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Published on April 2nd, 2014 | by Tina Casey

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There They Go Again: Heritage Says Frack Your Backyard To Thwart Russia

April 2nd, 2014 by  


Now here’s an Onion-worthy headline from The Heritage Foundation, topping a press release issued just a few hours ago: “How America’s Shale Revolution Could Loosen Russia’s Grip on Europe.” We’re dragging The Onion into this because the article focuses on one angle of the domestic shale gas market while completely ignoring the main point, namely, that US shale gas drillers are looking for Russia to rescue them from a deep dive.

water risks from fracking

Water by Elitatt.

Fracking And The Clean Water Act

For those of you familiar with the impacts of shale drilling, aka fracking (short for hydrofracturing), you may be wondering why there is so little regulation of the practice.

That’s because fracking only became widespread after it won an exemption from Clean Water Act under the Bush/Cheney administration, even though modern fracking is a water-intensive process that can involve millions of gallons for a single well.

Despite the obvious potential risk to water resources, the Clean Water Act exemption has handcuffed federal regulators, and state regulations vary according to the influence of the drilling lobby.

That leaves local communities to their own devices when it comes to regulating fracking.

The Obama Administration has been playing catch-up by executive means through the EPA, despite heavy pushback from the usual suspects.

In the mean time, the epic drought in California is underscoring what the future could look like when fracking, farming, and people all compete for increasingly vulnerable water resources.

Given the surge in wind power and more water-friendly energy sources, the pressure is on the fracking industry to survive an increasingly rough ride.

Fracking on Shaky Ground

The water supply issue is only one pin that’s being knocked out from under the US fracking industry.

Along with our sister site PlanetSave we’ve been taking note of the impacts of  fracking, which has become notorious for potential and realized risks including water contamination, earthquakes, negative pressure on property values, and financial risks to investors.

As mentioned previously, local communities have been left to their own devices and a growing number of them, including Los Angeles, have taken steps to limit fracking within their borders.

In Pennsylvania, one of the epicenters of modern shale gas development, anti-fracking communities just won an important State Supreme Court victory in support of local control over drilling permits rather than enabling a more relaxed state law to supersede.

Another thing to consider is that global oil companies are already exploring Ukraine and other sites in Europe for shale drilling, which could leave US sources holding the bag sooner rather than later.

To top it all off, shale gas wells have earned a reputation for tapping out quickly, meaning that thousands of new wells must be drilled in the US every year just to keep up with current productivity levels, which means no let-up in store for the NIMBY factor.

The Heritage Foundation And Fracking: Russia To The Rescue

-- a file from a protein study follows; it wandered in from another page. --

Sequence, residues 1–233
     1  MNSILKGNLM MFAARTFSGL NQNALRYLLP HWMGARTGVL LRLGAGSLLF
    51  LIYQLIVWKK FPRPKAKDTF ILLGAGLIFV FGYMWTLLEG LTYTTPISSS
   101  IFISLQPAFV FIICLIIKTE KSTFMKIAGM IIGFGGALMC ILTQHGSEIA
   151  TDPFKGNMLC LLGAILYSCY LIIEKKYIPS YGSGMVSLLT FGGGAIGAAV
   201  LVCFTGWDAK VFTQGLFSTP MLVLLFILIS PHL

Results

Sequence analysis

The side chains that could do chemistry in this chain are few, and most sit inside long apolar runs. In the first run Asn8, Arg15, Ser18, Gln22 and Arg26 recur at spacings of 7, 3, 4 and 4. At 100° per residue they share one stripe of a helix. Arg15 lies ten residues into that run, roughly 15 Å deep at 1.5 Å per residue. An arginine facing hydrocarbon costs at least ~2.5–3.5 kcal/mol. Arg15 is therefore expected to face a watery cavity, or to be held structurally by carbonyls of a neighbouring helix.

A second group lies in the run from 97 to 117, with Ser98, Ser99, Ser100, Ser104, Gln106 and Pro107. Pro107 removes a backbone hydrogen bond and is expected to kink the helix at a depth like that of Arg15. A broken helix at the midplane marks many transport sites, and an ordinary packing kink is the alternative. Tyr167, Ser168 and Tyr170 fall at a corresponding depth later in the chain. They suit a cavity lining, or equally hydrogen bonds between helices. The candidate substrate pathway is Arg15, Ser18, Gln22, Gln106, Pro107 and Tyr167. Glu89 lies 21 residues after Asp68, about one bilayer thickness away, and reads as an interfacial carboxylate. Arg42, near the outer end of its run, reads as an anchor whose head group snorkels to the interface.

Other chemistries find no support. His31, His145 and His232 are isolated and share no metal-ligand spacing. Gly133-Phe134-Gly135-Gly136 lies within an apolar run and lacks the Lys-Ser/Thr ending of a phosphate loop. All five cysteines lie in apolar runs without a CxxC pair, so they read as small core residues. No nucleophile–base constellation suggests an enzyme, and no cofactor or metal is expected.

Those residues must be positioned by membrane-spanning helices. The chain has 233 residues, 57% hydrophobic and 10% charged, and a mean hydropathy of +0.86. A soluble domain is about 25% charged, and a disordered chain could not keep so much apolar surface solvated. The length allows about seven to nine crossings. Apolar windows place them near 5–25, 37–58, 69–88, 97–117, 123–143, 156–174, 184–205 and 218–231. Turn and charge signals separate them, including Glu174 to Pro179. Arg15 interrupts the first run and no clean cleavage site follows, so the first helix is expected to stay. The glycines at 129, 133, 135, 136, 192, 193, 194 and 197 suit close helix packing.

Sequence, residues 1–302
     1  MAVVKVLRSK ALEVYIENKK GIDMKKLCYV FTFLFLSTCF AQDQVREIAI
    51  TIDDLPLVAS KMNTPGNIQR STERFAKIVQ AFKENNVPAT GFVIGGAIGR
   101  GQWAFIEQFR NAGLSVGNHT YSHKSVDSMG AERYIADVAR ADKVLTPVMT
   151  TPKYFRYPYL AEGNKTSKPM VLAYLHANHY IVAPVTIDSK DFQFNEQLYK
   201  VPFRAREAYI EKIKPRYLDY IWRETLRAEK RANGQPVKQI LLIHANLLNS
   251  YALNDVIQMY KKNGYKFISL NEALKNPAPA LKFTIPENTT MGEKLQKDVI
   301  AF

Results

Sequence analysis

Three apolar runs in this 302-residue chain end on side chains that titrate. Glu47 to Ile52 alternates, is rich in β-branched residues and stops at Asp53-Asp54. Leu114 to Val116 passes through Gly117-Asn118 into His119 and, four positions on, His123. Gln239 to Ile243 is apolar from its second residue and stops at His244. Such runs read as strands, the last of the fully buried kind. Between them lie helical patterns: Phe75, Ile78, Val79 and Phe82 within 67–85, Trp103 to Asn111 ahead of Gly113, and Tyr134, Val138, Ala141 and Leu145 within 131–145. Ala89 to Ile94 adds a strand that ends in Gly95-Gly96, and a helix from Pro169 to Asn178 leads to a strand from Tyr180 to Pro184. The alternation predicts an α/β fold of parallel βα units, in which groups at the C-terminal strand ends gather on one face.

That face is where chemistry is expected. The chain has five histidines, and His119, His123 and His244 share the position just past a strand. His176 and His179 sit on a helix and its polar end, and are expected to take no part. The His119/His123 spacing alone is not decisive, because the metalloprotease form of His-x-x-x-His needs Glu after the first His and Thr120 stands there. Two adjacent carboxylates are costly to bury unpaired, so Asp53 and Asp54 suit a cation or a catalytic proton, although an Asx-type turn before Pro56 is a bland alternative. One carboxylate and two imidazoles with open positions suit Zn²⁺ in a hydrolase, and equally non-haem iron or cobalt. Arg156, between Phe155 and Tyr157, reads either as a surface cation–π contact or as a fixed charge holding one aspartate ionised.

No, we didn’t forget all about Heritage. If you don’t want to visit their site you can find a summary of “How America’s Shale Revolution Could Loosen Russia’s Grip on Europe“in their press release at prnewswire.com, which details why this lobbying organization feels that exporting more US gas will make Russian back down.

For now let’s just say that the author, Nick Loris, is also the pen behind a March 1 Heritage blog post titled “How the Media Misrepresents What Scientists Really Think About Climate Change,” in which he characterized the climate denial lobby as “climate realists.”

However, let’s not pick on Heritage for something that’s built into their DNA. Instead, let’s pick on the New York Times for a similarly misleading March 5 article by Coral Davenport and Steven Erlanger.

The headline is “U.S. Hopes Boom in Natural Gas Can Curb Putin” and up front in the second paragraph is this statement: “The crisis has escalated a State Department initiative to use a new boom in American natural gas supplies as a lever against Russia…”

So, you’d assume that increasing gas exports to thwart Russia is an official Obama Administration position, right?

Not so fast, if you read the whole article. No current State Department officials are referenced, but you get this far down the page:

Over the past week, Congressional Republicans have joined major oil and gas producers like ExxonMobil in urging the administration to speed up oil and natural gas exports.

Okay, so now we’re talking Russia to the rescue.

Why not just say that in the first place?

For the record, according to a recent CNN report Secretary of State John Kerry has stated that the US is working on increasing its natural gas exports, but that is a long term, slow-moving process that far predates the Russia crisis and will far outlast it.

Kerry also first noted that State is working with Poland and Hungary to develop an alternate route through Slovakia, so we’re going with the line that an increase in US natural gas exports will not now, and will not in the future, play a significant role in helping Ukraine to shake loose its energy ties from Russia.

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About the Author

specializes in military and corporate sustainability, advanced technology, emerging materials, biofuels, and water and wastewater issues. Tina’s articles are reposted frequently on Reuters, Scientific American, and many other sites. Views expressed are her own. Follow her on Twitter @TinaMCasey and Google+.



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